Did you nearly fall off your chair as well? £11,025?!
Fair enough, I’ve always been a bit stingy. I actually remember putting pennies into a sock when I was about ten, to save up for university…
The thing is, I think it’s perfectly sensible to be stingy when you’re shopping for baby gear. Especially gear for teeny tiny babies. Why? Because:
1. They outgrow most things within a matter of months, if not weeks
2. They hardly need anything. Just a pair of boobs, and a pair of willing arms/sling to cart them around everywhere, if we’re honest. Maybe a cot if they’re feeling cooperative and will actually sleep outside of the arms/sling.
Clothes? Doesn’t matter what they look like as long as it keeps them warm and washes easily. 11th hand is fine.
Toys? They’ll be fine in front of a mirror for the first couple of months, and then they’ll only want your keys/phone/pots and pans anyway.
Baby food? Go for Baby-Led Weaning and they’ll just eat salt/sugar-free versions of what you eat.
Okay fine, obviously we’ve bought a fair few things for the Bean, including a cot, clothes and a small number of toys. Nevertheless, in the end our total pre-baby spend only came to about £700 on “essential gear” plus about £400 on a really good cloth nappy set (which is supposed to see two babies through to potty training). Over the course of the Bean’s first year, I think we have spent an additional £500-700 on toys, clothes, more gear and formula. Bringing us to a grand total of £1800 at most, not including childcare costs (I’m not going to tell you what we spend on that because you’ll hate me).
With a bit of common sense and perseverance, as well as a truck-load of imperviousness to the adverts for useless crap that parents are constantly bombarded with, it is possible to spend that little. My top five tips for a Thrifty Little Baby experience are:
1. Ask for ‘expert’ advice
As a new-parent-to-be, it’s really, REALLY hard to figure out what you need, what amounts to a luxury item, and what is tat.
Before M was born I spent two hours in Aubert with my sister-in-law (who has two kids under 4). We didn’t buy a thing. Instead, she showed me what was gimmicky (anti-colic/reflux bottles. If they’re going to scream, they’re going to scream), and what would save my sanity (a baby bath support, because you really do just have one pair of hands). So if in doubt, ask someone who has a kid under the age of two.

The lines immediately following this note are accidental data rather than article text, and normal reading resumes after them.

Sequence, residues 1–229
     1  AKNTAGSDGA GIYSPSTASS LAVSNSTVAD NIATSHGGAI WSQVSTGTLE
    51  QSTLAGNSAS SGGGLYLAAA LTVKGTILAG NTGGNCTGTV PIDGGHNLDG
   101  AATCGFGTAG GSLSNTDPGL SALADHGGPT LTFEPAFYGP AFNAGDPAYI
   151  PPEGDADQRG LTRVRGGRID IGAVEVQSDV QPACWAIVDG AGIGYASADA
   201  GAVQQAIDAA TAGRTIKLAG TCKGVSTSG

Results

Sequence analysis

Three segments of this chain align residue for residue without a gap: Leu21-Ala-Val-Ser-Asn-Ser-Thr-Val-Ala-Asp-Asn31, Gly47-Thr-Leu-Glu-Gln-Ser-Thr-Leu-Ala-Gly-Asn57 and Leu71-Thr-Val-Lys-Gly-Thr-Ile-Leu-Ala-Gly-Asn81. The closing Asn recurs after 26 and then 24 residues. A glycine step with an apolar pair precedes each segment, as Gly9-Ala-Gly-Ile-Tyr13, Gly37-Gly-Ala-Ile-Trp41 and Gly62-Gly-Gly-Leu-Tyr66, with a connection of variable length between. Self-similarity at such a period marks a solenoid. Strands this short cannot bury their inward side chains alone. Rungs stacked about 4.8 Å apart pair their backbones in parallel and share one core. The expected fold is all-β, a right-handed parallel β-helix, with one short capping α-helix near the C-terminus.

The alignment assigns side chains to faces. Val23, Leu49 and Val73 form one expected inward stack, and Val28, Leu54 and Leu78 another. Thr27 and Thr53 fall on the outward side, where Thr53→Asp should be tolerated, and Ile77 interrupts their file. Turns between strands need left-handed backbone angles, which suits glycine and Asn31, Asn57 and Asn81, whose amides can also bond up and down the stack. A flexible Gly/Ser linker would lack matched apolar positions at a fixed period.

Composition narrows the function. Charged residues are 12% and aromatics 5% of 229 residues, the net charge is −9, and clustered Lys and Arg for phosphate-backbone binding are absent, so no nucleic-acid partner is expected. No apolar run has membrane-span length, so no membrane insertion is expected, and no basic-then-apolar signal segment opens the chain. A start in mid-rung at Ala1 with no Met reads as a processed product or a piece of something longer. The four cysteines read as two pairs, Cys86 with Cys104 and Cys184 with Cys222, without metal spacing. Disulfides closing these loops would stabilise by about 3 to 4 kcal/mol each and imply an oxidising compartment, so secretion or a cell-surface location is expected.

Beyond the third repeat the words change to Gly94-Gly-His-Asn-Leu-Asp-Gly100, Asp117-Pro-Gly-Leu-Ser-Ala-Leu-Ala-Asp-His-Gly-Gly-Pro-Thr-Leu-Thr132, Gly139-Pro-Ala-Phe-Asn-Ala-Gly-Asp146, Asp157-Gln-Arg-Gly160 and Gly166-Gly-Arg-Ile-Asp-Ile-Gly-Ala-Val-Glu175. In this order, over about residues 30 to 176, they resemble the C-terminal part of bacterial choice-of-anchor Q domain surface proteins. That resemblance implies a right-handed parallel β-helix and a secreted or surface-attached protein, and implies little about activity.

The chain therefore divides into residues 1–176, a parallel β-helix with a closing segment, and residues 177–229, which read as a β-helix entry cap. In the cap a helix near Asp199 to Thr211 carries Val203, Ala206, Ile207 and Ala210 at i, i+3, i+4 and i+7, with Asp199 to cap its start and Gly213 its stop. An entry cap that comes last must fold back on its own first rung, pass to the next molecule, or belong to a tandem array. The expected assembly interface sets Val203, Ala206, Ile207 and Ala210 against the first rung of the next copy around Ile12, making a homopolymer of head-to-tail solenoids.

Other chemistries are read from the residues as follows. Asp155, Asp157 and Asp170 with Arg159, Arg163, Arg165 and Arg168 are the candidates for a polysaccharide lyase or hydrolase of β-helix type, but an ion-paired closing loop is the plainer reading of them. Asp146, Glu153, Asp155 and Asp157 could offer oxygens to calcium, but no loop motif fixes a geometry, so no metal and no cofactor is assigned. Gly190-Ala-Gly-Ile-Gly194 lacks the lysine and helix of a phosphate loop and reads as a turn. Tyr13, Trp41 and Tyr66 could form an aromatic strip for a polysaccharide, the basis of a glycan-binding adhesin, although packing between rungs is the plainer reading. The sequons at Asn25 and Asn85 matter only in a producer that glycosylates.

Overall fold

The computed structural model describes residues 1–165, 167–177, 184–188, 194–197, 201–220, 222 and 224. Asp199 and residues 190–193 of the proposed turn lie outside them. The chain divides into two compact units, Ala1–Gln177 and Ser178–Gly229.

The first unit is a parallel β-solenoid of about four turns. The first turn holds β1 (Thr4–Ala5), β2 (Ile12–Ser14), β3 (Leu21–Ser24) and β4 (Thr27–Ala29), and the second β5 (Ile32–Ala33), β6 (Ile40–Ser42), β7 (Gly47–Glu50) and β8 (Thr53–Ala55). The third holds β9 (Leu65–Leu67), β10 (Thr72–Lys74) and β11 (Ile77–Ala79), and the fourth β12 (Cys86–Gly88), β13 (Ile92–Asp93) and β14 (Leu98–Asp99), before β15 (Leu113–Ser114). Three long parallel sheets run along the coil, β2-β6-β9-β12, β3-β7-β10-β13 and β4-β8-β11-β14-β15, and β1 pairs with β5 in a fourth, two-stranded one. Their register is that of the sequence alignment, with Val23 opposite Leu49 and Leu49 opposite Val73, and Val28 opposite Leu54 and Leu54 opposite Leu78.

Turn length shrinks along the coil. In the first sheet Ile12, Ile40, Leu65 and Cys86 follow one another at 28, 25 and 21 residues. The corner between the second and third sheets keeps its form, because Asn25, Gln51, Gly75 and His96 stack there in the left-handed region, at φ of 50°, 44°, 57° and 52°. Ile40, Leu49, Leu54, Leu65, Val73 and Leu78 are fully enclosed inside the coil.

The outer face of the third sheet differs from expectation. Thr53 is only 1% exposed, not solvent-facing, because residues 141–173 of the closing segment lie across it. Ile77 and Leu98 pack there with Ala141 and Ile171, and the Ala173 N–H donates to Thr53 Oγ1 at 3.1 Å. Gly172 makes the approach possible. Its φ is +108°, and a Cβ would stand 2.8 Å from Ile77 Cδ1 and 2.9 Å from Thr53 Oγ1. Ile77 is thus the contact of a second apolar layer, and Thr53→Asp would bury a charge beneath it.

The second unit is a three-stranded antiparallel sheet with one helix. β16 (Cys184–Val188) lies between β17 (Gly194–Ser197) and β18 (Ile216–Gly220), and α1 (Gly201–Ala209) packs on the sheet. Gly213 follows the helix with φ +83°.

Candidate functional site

2. Compare, compare, compare
I left Aubert with a list of stuff I wanted, and sat down to Do My Homework.
First it was decision time: was the branded, top-of-range stuff worth paying for, or would the non-branded stuff do? If we had to go branded (which we almost never did), we made sure that quality and longevity were reflected in the price, rather than the name of the brand.
Then on to smart shopping. Lots of web-based shops are very competitive and have random sales, plus there’s always eBay and freecycle.
3. Beg and borrow shamelessly
It’s amazing how many people hoard things they no longer need, just because they can’t be bothered to put it on eBay. We got a cot from my neighbour, a 7th-hand buggy (which is ugly as sin but works fine) from Mr P&P’s colleague, a high chair from my brother, and tons of hand-me-down clothes. To keep the karma rolling, I give away whatever the Bean doesn’t use anymore.
4. Brave a baby fair
Although I normally bolt for the exit at the mere whiff of a sales spiel, going to a baby fair was very useful; I scoffed the free food (look, I was pregnant, okay) and returned with a bag of samples and discount codes. Classy eh.
5. Get creative
You don’t have to be super-nifty, or have tons of time at your disposal (ha!), to make useful and fun things for your baby.
You could cut an adult-sized IKEA bed sheet into four rectangles, sew elastic into each corner and voilà! Four cot sheets in about an hour.
You could follow this great tutorial on how to make a gym for a little baby.
You could make some simple toys, such as the wigwam I wrote about last week.
What do you think? Is £11,025 a realistic amount to spend on a baby? What money-saving tips do you have?
Like this post? Stay tuned for Thrifty Little Baby Part Two: The really essential baby-essentials!